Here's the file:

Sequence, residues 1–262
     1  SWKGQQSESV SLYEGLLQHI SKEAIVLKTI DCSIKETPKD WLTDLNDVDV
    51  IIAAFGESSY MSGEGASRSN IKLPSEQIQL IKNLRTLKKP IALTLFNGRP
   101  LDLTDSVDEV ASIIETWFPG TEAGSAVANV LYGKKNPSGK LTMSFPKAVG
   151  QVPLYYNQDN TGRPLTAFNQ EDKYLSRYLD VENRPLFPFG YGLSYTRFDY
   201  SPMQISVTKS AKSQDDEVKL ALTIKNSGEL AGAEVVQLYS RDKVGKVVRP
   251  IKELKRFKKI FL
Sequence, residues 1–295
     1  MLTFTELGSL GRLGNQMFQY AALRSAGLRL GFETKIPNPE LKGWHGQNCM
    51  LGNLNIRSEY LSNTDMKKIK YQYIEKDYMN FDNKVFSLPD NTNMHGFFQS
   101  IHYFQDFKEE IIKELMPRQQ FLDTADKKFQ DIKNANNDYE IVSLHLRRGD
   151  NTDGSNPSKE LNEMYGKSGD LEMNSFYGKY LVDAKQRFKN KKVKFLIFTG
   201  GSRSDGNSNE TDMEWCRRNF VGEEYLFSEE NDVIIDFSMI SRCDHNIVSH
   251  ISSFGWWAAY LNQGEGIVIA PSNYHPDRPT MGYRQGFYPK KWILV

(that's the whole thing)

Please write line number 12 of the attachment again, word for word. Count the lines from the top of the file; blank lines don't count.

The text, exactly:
   151  NTDGSNPSKE LNEMYGKSGD LEMNSFYGKY LVDAKQRFKN KKVKFLIFTG